Brrrr… Its freezing outside, 7.00pm the phone rings…”The van has broken down… it will not come out of Limp Mode.. I need to get my delivery done tomorrow ..” You know the story I am sure.
I pack up a limited tool kit and set off to a stranded van parked at the drivers house some 30 miles away. I find the van parked up on a rural unlit junction outside the drivers house, I collect the keys and begin.
I plug in the code reader. Some weeks earlier this vehicle had had a repair to the boost actuator valve wiring and I considered this had maybe failed. The code reader showed the normal ‘Glow Plug Failure’ codes in three instances, along with a single low boost pressure flag. I cleared the codes and started the van – sure enough it would not rev above a 3000rpm ceiling.
Immediately I re-read the codes, the glow plug issues remained but the low boost pressure did not appear again. Strange. I checked the rear lamp clusters for shorts and bulb failure, (All the first base reactionary stuff) the brake pedal switch and the clutch switch. The clutch switch seemed to be ‘dirty’ resistance wise and I removed it and soaked it in switch cleaner. Once tested good with the Ohmmeter it was refitted and the van run up again – no change! Problems with either of these switches should have normally thrown a fault code.
The engine compartment was an oily mess, this is not unusual for this owners vehicles as they are ‘breathing heavily’ through the separator/breather due to worn bores, but this was not the issue at this juncture.
I checked all the turbo hoses and intercooler for splits or leaks and after a tweak here and there on the hose clips, all proved well.
The driver started the van as I looked into the engine bay. Signalling him to rev the engine, I felt the pressure on the manifold inlet hose with a squeeze, it was hardly pressurising at all. This complimented the real-time reading I had previously obtained from the code reader. On removing the inlet hose to the turbo from the air box (Engine off) I spun up the turbo vanes to check all was well with the turbo. There was no play at all and the impeller ran freely without any stiction. The actuation arm on the turbo body that operates the VNT vanes functioned as it should falling downwards on engine-start, oscillating upward and downward on a no load rev.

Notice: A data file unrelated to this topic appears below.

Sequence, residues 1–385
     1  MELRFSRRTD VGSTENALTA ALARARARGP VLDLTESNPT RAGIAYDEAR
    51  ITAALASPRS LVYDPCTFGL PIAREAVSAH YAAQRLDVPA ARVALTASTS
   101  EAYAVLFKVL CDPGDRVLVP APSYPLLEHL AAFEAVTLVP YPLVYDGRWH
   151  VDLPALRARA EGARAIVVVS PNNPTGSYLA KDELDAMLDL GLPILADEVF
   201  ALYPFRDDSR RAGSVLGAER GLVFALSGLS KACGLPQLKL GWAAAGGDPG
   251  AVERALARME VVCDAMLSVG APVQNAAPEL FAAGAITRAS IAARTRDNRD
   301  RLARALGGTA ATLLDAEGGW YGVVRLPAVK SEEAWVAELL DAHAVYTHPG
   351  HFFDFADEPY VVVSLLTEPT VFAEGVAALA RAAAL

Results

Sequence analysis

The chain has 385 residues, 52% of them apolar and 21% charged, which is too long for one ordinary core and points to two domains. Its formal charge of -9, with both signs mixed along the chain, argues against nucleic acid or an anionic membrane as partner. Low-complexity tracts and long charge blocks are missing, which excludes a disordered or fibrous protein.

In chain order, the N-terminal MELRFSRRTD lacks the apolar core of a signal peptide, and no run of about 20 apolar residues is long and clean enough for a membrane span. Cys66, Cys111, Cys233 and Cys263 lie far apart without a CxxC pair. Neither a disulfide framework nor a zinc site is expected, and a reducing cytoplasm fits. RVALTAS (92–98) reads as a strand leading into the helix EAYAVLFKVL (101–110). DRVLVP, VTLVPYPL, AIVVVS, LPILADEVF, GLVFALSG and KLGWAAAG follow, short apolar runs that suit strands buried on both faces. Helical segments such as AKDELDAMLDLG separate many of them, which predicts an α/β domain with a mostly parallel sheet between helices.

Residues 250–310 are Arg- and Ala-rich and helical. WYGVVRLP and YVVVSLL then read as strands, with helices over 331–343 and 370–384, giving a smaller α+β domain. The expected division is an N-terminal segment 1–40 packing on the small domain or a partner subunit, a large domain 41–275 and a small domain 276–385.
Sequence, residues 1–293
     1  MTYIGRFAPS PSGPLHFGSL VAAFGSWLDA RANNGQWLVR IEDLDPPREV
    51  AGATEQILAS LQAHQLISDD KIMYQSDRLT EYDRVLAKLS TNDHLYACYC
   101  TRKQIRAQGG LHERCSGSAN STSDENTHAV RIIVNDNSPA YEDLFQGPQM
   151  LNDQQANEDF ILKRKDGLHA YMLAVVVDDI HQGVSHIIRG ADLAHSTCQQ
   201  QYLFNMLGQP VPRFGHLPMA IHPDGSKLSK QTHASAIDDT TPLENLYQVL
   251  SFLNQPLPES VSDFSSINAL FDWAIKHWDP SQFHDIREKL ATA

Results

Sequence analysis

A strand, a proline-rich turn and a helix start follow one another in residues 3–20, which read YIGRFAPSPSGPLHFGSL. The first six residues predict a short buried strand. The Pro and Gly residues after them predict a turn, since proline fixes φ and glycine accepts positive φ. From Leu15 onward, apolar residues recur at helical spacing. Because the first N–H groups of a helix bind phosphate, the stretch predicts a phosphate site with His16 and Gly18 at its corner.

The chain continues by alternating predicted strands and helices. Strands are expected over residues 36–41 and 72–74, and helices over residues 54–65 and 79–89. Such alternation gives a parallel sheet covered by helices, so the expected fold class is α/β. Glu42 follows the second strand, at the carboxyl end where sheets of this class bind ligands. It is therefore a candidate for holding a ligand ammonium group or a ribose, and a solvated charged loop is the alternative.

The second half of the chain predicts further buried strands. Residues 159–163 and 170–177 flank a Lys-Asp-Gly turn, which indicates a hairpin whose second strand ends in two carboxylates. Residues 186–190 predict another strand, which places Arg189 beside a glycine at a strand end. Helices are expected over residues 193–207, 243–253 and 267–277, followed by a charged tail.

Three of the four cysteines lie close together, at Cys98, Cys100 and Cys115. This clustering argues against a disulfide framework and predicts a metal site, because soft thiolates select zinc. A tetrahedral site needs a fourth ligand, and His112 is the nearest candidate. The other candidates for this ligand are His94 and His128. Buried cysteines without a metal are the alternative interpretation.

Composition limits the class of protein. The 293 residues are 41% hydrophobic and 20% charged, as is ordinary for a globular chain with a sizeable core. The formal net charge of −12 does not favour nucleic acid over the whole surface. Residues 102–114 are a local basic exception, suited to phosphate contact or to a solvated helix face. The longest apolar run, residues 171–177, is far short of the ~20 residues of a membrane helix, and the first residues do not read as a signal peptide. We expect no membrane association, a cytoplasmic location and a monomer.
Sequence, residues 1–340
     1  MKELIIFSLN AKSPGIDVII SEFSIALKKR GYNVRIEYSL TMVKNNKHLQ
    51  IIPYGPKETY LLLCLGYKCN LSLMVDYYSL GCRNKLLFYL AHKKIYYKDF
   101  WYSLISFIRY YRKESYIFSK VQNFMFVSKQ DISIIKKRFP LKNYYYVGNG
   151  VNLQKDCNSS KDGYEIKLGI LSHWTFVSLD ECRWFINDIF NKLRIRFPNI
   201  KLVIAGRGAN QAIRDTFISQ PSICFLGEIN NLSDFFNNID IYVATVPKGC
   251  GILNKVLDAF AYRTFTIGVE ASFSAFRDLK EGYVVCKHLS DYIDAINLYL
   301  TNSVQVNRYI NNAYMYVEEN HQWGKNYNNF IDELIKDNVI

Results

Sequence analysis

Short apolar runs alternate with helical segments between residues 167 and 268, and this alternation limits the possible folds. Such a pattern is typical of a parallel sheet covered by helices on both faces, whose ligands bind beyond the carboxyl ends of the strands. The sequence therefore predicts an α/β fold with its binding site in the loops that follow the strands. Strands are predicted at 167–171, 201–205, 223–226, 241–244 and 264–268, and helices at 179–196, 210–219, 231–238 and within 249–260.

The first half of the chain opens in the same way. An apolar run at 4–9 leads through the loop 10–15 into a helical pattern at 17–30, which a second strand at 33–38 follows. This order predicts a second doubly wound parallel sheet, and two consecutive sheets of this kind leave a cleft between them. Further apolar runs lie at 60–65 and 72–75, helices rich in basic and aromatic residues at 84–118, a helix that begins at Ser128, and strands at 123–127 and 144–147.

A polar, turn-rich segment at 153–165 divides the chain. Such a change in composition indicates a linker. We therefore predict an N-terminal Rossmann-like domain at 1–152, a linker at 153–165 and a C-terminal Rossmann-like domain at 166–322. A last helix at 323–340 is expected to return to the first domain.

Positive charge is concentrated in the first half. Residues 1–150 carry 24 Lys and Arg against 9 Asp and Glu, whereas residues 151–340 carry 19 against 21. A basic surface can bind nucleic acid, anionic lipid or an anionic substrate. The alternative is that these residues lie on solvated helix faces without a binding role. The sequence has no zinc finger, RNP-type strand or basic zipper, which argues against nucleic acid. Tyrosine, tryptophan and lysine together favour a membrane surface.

Reassembly of the intake hose and a signal to restart the engine took place. I noticed the strangest thing in my torchlight. As the engine was revved, the concertina moulded rubber inlet hose from the air box-to-turbo inlet was physically shortening! Continued revving proved the hose was being sucked in and the concertina section was contracting in length as the engine revs increased.
The only thing that could be causing any suction at this point was a restriction in the air box or its fresh air intake routing. I flipped the lid on the air filter housing and shone a torch inside. The filter element was so clogged it had begun to pull out from its foam frame, lifting up, as the paper element unfolded to block the outlet from the air box. The filter element was removed and what was left of it inspected. – WOW that was almost completely choked with dust and soot, presenting almost a complete barrier to any air flow, so much of a barrier in fact that the engines scavenging for air had begun to pull the air filter into the upper section of the air box, unravelling the filter paper construction and blocking off almost completely the intake air’s route to the turbo.
Removing the filter and testing the engine proved it was the issue, though seeing it with my own eyes, I had no doubt that this was the problem.
Discarding the old filter element I told the owner/driver to get a replacement filter and slot it in the following morning and all would be fine. Lesson learned!
On reflection, this should have maybe been the first place I looked during my diagnosis regime, but at the time – end of the day, dark, cold, roadside, a distance from good tools etc. I had checked elsewhere first. Hindsight is a wonderful thing and maybe if you are reading this, you too will think on in future to check the condition of that air filter if the vehicle is not known to you or you don’t know when it was last checked out.